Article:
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Delinquent taxes: partial payment installment agreements

When a taxpayer cannot pay the entire amount of tax debt, entering into an installment payment agreement with the IRS is one option. In Texas and across the nation, many taxpayers make use of these agreements to resolve delinquent tax liability.

It is also possible to enter into a Partial Payment Installment Agreement (PPIA). These are agreements used in cases where the IRS determines that a taxpayer has some ability to repay, but cannot pay the full amount of delinquent tax by the collection date set by statute.

But how well does the IRS actually do in monitoring the installment agreements with taxpayers that it enters into?

The answer, according to a new report, is not all that well for Partial Payment Installment Agreements (PPIA). According to the Treasury Inspector General for Tax Administration (TIGTA), the IRS sometimes fails to conduct a thorough analysis of a taxpayer's financial condition in cases where a PPIA is in place.

In theory, every two years the IRS is supposed to conduct a financial analysis of taxpayers with a PPIA. In practice, that does not always happen, the TIGTA report found. And in fact, some PPIAs were set up without appropriate checks in the first place.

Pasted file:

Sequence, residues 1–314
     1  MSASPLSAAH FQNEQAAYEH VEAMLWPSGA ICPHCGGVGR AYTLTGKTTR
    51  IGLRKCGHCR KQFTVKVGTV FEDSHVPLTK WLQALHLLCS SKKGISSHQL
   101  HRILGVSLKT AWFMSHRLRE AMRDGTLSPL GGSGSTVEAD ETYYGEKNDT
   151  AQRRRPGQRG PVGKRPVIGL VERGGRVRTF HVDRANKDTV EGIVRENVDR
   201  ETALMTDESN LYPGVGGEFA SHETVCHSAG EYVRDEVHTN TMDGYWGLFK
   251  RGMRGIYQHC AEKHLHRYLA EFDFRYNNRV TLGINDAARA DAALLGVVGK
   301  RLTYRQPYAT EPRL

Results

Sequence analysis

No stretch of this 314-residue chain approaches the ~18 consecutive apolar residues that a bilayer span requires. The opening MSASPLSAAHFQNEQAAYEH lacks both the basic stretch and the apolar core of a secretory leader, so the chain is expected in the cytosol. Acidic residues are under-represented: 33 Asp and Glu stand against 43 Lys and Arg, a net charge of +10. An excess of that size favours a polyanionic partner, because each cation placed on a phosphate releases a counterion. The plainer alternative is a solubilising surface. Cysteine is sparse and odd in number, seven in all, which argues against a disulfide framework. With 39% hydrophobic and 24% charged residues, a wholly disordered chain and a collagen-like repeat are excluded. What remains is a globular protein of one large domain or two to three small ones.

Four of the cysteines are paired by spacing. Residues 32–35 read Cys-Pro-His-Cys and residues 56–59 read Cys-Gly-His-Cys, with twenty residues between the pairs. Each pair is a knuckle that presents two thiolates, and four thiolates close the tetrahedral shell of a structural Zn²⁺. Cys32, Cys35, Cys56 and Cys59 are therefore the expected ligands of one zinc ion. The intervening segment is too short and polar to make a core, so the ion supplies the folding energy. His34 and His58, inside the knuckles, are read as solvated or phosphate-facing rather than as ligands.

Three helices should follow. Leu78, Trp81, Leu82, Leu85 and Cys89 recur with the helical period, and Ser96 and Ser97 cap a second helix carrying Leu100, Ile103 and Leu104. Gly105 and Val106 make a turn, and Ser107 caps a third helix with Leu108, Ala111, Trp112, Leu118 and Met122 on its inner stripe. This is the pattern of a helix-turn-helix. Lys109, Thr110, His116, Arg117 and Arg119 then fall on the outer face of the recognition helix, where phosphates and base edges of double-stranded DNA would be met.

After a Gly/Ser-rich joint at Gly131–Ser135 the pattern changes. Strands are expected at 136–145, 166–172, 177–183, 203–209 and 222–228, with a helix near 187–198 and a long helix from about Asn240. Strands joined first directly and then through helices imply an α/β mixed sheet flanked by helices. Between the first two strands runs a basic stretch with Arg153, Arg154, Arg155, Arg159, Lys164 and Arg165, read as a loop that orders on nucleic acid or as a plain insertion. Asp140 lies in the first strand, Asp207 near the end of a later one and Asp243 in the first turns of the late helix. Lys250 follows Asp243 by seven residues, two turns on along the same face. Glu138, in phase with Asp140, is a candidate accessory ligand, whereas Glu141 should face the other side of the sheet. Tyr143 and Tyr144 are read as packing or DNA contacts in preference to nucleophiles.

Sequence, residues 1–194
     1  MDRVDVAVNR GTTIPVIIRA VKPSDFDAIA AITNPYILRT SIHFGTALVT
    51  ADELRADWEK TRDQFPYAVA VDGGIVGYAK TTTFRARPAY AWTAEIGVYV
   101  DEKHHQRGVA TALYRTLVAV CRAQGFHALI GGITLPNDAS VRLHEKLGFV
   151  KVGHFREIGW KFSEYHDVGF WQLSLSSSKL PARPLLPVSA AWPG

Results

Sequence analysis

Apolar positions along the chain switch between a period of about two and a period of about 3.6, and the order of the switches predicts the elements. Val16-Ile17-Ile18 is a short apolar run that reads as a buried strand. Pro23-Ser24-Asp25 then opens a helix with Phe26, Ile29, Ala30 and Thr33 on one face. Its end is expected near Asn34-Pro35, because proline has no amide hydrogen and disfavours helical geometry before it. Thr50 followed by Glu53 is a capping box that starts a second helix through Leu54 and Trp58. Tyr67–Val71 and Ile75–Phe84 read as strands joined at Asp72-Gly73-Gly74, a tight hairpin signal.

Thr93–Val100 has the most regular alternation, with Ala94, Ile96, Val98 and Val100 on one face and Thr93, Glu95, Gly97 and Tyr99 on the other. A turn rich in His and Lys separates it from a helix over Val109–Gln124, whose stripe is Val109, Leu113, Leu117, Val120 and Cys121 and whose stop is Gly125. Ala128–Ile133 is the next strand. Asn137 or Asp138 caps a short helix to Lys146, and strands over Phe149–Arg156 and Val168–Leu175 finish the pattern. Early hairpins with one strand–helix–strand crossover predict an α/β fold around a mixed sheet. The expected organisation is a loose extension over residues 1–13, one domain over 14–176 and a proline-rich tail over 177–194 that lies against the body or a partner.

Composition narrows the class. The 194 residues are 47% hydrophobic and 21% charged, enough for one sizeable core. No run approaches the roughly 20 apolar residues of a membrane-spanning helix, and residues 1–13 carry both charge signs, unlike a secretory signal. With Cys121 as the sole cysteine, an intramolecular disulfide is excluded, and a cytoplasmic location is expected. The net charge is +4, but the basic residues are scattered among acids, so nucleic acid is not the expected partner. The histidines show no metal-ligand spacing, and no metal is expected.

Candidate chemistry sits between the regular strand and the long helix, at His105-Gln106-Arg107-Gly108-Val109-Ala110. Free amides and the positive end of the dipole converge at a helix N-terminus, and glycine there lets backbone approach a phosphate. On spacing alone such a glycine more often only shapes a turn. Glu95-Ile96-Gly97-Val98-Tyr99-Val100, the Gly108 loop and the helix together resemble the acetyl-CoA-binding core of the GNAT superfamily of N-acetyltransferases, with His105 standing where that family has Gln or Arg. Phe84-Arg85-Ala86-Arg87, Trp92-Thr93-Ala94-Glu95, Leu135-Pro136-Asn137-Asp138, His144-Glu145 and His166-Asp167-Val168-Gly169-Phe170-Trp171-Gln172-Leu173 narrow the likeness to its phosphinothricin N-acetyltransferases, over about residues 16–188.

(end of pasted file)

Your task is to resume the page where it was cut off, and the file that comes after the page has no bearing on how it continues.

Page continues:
The most common check is a complete financial analysis. In the absence of such an analysis, approval of a manager at the IRS is normally required in order to put a Partial Payment Installment Agreement in place.

The financial analysis that is required before a PPIA is not merely a hoop for taxpayers with delinquent taxes to jump through. It can help prevent taxpayers from entering into installment agreements that they may be unable to afford.

Source: Accounting Today, "IRS Needs Better Controls over Partial Payment Plans," Michael Cohn, June 12, 2013

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